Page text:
In fact, most any aspect we can think of in life contains at least an element of faith. We have to place our faith and trust in something or someone for practically everything we do. If we didn't place our trust in such things when there is no apparent reason not to, we would be so paralyzed that we couldn't do anything. For instance, if I didn't have a basic faith in a restaurant's cleanliness and a belief that I wasn't being purposely poisoned, I could never eat out. Without this sort of faith, we would all be so paranoid as to be paralyzed. This is, of course, exactly what happens in certain forms of mental illness, when such basic levels of trust in one's surroundings have been severely damaged. Thus, we need to have this kind of faith just in order to lead normal lives.

Now, when it comes to the Christian faith, the difference is basically only in the object of that faith — namely, we place our faith in God. This story of Desert Pete and his letter illustrates what I mean. What would you do if you found yourself in such a situation? Your actions would reveal what your own attitude towards faith is. Should you trust old Desert Pete? Or is that too big a risk to take with that precious little bottle of water?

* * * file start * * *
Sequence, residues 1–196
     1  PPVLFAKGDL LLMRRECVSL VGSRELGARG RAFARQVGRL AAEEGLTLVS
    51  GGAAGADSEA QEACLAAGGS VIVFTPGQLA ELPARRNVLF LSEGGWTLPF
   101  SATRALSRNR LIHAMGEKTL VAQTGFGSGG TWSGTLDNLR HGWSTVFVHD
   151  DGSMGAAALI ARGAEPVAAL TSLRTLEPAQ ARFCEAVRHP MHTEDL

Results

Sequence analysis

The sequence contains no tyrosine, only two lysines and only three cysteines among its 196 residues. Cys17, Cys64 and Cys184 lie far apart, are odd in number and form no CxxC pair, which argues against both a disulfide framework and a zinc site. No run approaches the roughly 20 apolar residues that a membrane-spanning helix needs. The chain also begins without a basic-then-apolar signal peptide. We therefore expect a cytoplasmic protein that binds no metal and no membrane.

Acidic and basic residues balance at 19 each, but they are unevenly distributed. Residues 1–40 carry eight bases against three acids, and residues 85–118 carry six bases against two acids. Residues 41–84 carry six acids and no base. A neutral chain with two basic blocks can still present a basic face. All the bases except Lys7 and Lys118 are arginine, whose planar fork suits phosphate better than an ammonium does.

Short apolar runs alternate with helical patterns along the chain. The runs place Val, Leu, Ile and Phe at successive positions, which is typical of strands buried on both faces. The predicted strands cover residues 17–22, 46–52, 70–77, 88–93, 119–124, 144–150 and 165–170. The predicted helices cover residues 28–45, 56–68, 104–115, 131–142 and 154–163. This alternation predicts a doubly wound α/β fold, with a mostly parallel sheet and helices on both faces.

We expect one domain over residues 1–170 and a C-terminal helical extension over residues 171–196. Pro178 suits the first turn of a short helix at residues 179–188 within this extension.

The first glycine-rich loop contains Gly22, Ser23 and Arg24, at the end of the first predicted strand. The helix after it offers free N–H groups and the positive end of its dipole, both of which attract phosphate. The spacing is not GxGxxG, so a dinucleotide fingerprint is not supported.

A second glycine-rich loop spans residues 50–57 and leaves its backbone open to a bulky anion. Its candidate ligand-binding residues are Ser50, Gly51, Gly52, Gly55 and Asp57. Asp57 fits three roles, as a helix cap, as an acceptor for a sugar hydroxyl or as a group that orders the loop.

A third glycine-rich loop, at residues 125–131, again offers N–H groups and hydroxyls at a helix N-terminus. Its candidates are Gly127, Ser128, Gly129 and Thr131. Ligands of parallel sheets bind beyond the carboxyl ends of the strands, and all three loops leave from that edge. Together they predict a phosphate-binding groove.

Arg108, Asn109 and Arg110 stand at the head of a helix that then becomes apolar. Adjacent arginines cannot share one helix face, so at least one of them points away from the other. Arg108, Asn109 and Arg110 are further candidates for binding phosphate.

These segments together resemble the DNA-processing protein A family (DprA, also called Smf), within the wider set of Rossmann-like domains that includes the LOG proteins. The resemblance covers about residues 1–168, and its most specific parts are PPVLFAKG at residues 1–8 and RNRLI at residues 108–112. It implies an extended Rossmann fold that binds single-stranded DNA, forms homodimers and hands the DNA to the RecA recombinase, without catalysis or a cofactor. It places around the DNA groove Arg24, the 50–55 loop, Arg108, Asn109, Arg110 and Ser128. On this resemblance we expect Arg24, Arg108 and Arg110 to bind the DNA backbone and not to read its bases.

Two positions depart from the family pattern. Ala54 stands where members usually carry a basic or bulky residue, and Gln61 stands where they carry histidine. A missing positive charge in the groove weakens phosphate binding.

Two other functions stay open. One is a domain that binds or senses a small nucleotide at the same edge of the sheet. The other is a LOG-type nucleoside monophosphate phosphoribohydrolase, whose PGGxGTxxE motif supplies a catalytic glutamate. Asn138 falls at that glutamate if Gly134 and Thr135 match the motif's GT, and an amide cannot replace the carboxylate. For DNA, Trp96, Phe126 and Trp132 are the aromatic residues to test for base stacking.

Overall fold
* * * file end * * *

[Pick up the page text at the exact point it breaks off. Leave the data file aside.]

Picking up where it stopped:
When we compare what Desert Pete says in his letter with what we find in the book of Hebrews, which we read from earlier, we find the same three basic ingredients. First there must be an object of faith. These expressions we so often hear, like "Have faith!" and "Keep the faith!" are really rather meaningless unless the object of that faith is understood as well. For you can't just "have faith" — to "have faith in faith." You have to have faith in something or in someone.

Now, in this case, faith would be putting your trust in an unknown friend named Desert Pete, and that certainly wouldn't be very easy. After all, you really have no idea who he is. Maybe he's a warped personality out playing some cruel joke. But then again, maybe there is enough evidence in the letter and in the situation as a whole to convince you that he knows what he's talking about and that he's gone through a lot of trouble to get you out of a real life and death situation — no water in the desert.

So, the first ingredient of faith is to trust in someone or something based on a reasonable amount of evidence. And I stress "a reasonable amount" — but never on such overwhelming evidence that no faith is necessary. To use the example again of eating out in a restaurant: if I were to demand direct proof each time that there were no poisons in the food by, for instance, standing by the chef in the kitchen while the food is prepared and having the chef eat a portion of the food first, that would not be exercising faith. A "reasonable amount of evidence" would be seeing that the restaurant looked clean, that the food looked and tasted good and that the other patrons showed no evidence of getting sick, and then basing my "faith" on that.